Holiday Waste: 6 Million Tons of Trash to Landfills
Did you know that household waste increases by 25 percent between Thanksgiving and New Year’s Day? Learn where we waste most and how to curb holiday waste this year.
Between our regular household trash plus extra food and shopping waste, we send an additional million tons of waste to landfills every single week. That adds up to around six million tons of holiday waste by the end of the year.
My friend Jeff McIntire-Strasburg over at Sustainablog shared the graphic below on holiday waste, and I have to be honest here. It kind of rocked me. I knew that we wasted more during the holidays, but the scope across the whole U.S. is more than I could have imagined. Get some stats on our holiday waste below, and after the graphic check out some ideas on how we can curb those massive amounts of extra trash.
The graphic breaks down holiday waste into a few different categories, so let’s look at each one. Let’s bust some holiday waste, y’all!
From gift wrap to greeting cards to shopping bags, we waste a ton of paper over the holidays. Actually, make that more like over four million tons. Here are some ideas to help reduce paper waste.
- Don’t shop, make! Skip the shopping bags and disposable packaging and make some holiday gifts yourself. Check out this list of DIY holiday gifts for everyone on your list. You can also give experience gifts rather than material gifts.
- Agree not to gift at all. According to the stats on that graphic, we spend around $800 million on holiday gifts, and nearly 60 percent of them end up unwanted. What if we agreed to skip the gift all together and just spend time with each other instead? We could save money and resources and maybe have a more meaningful holiday!
- Skip the cards. Greeting cards are a lot of fun, but they’re also incredibly wasteful. Instead of a card, could you write your to and from right on your gift? If you end up with greeting cards from well-meaning family and friends, you can reuse them when the holidays are over.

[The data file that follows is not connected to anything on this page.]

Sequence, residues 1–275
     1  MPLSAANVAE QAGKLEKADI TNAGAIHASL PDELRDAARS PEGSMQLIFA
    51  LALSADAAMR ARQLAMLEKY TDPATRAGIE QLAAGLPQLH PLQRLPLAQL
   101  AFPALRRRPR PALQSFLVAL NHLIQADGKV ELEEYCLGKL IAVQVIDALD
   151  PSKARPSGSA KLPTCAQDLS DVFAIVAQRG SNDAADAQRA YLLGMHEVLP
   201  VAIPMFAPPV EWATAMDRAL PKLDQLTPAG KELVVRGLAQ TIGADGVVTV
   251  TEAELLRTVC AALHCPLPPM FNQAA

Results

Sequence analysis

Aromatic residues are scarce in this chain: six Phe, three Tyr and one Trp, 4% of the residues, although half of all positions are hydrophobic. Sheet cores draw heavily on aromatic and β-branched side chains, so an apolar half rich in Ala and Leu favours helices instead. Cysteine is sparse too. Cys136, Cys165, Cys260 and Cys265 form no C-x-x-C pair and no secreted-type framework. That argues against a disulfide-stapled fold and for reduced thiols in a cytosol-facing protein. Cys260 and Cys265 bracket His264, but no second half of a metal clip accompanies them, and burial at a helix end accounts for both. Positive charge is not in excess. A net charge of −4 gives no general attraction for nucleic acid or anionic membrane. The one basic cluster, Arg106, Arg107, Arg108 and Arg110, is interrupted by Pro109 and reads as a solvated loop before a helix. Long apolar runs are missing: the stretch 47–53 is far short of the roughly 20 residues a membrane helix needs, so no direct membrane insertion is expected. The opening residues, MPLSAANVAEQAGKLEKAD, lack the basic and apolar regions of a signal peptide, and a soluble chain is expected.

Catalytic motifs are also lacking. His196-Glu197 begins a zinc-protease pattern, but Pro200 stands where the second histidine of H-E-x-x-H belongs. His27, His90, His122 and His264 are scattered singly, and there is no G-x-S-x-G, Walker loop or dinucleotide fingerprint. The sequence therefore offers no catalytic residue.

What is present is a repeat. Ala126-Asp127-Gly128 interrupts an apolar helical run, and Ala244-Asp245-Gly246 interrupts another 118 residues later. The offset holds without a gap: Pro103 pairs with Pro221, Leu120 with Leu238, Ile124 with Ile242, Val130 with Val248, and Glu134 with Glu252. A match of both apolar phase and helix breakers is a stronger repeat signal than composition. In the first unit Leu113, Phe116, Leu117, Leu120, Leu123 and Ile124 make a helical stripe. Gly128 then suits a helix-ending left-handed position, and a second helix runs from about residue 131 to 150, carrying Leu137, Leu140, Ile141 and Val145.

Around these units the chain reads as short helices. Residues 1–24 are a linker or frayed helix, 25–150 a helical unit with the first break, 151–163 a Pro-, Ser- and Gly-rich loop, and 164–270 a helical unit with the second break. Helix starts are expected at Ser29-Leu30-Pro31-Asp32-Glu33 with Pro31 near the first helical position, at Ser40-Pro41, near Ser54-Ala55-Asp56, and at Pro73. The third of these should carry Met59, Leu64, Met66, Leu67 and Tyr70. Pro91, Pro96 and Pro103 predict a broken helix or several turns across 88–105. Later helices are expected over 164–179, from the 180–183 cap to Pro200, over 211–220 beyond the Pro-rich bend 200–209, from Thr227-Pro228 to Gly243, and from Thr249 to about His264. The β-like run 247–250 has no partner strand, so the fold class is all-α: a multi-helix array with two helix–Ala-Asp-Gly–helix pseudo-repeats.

- Rethink gift wrap. Instead of disposable paper, try one of these reusable alternatives to conventional gift wrap.
- Skip the ribbons. I love a ribbon as much as anyone, but they have such a short life. When you receive ribbons on your gifts, stash them away to reuse in craft projects or future gift wrapping of your own.
I am not going to tell you to forgo your Christmas tree this year. But you can make sure that your tree doesn’t contribute to holiday waste by keeping it out of the landfill.
- Choose a potted tree. A smaller, potted tree can be just as festive as a cut tree. You can plant it yourself or donate it to a local tree-planting group.
- Compost that tree. It might take some extra effort, but composting your tree can make a big difference. You don’t have to necessarily bust out the chain saw and cut your tree into compostable pieces (though if you do, high five!). Find a local composting service to pick it up.
- A forever tree? Maybe. My husband and I got a hand-me-down plastic tree that we used for years. Plastic trees definitely have their merit. You store and reuse them from year to year, which means less waste. Artificial trees are often made from PVC, which off-gasses toxic chemicals into your home. If you do go with an artificial tree, make sure you choose one that’s nontoxic.
Those holiday parties, Christmas lights, and all of that cooking means using more electricity during the holidays. Try some of these tips to reduce your power bill and greenhouse gas emissions this year.
- Christmas lights. Send those old school Christmas lights to the recycling center, and go with efficient LED lights. You can also save energy by using fewer lights and unplugging when you’re not enjoying them.
- Batteries. When you’re choosing holiday gifts, skip the ones that require batteries unless you are certain that your recipient really wants them. As a mom to a toddler, I can tell you that I’m grateful for any gift that doesn’t light up, play music, or talk. If you do find the perfect gift that requires batteries, a set of rechargeable batteries makes a nice little stocking stuffer to go with.
- Gas. Holiday travel means a huge spike in our use of gasoline. Could we offset that a bit by driving less when we aren’t traveling? If you’re driving to see family, maybe you could take the train to work or walk to the store instead of driving. If we could cut just a single gallon from our overall gasoline usage during the holidays, we’d reduce our greenhouse gas emissions by a million tons!
Food waste is one of my pet peeves, and it increases by 25 percent during the holidays.
- Reduce food waste. Check out these eight tips to reduce holiday food waste.
- Save energy in the kitchen. Cooking is one of the biggest energy users during the holidays. Use these techniques to cook your holiday feast with less energy.
- Reduce packaging waste. Disposable packaging is a part of food waste that we don’t tend to focus on, but plastic, paper, and cans pile up during the holidays. Try these plastic-free cooking tips that help you use less disposable packaging. When you do end up with food packaging, compost and recycle what you can to keep as much out of the landfill as possible.
What holiday waste statistics struck you most in the graphic above? Share your tips for reducing holiday waste in the comments!